Read the full story by Larry Di Giovanni, published by the Geisel School of Medicine.
This is the second piece of a four-part series examining the Geisel School of Medicine’s long-standing work in primary care with Native American and Alaska Native communities. Read part one here.
Liam Guerin, a Geisel School of Medicine second-year student who participated in the school’s alternative spring break in Minnesota in March, spent part of his summer conducting a health survey within The Little Earth of United Tribes, a housing development of approximately 1,000 Native American residents in Minneapolis. As one of the survey interviewers, Guerin asked residents “about their health from every angle—physical, spiritual, emotional, and chemical.”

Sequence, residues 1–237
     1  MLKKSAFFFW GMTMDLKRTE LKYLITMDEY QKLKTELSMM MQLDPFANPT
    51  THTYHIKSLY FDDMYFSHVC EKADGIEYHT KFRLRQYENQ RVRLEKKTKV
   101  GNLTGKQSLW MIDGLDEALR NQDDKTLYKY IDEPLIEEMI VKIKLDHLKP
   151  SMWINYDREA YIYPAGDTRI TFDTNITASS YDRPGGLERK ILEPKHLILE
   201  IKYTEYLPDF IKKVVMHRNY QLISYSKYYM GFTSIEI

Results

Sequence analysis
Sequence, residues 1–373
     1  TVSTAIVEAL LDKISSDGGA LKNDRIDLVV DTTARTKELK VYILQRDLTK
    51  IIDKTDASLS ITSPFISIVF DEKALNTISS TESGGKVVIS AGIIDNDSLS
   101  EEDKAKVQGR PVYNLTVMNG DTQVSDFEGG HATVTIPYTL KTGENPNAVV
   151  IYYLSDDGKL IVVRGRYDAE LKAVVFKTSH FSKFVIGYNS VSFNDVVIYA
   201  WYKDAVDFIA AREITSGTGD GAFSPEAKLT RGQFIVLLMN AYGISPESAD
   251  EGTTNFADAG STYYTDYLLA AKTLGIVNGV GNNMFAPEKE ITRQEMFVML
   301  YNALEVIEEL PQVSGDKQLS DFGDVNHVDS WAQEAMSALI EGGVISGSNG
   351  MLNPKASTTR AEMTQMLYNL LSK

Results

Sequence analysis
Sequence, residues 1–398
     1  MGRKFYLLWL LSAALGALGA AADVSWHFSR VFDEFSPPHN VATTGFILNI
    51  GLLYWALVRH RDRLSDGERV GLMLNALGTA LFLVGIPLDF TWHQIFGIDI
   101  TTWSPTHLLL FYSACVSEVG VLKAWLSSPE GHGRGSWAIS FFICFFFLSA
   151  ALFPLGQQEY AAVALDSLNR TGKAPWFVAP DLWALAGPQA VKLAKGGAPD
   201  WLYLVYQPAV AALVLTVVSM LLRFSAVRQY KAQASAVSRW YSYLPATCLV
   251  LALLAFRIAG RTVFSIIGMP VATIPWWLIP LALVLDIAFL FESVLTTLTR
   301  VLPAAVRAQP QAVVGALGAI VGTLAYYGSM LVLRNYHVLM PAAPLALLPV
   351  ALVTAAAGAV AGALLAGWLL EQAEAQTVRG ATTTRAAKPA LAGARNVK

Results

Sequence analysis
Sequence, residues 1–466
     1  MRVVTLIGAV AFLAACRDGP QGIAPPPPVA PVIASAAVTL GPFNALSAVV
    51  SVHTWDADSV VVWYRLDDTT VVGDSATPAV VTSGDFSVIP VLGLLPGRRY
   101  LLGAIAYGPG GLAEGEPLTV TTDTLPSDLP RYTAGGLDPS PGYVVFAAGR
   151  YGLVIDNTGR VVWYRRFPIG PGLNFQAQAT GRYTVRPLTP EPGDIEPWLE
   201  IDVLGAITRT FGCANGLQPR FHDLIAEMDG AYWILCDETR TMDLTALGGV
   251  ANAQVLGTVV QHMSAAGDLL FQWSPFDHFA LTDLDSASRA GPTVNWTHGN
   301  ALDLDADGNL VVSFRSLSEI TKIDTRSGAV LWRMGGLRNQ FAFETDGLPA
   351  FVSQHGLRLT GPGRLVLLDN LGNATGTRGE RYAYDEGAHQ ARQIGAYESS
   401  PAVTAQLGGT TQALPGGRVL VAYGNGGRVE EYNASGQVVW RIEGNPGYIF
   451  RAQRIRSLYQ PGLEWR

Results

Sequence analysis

One of the survey goals is to develop data from 400 participants that will be used to produce grant funding connecting Little Earth residents with new resources for improved community health. An example would be a program for traditional Native American spiritual healing. Survey findings will also help to foster “talking circles” that keep residents connected to ongoing issues.
Guerin described his interviews with Little Earth residents as “very intense.” He spent about an hour with each resident, and interviewed 35 in one week.
“It’s one thing to read stories about chemicals that are affecting different urban Native American populations and reservation populations,” Guerin said. “It’s another thing to talk with people directly who have lost loved ones, and who are themselves dealing with addiction. The survey is part data gathering but it’s also part counseling almost. I have found myself using a lot of the counseling skills learned from my first year of medical school at Dartmouth.”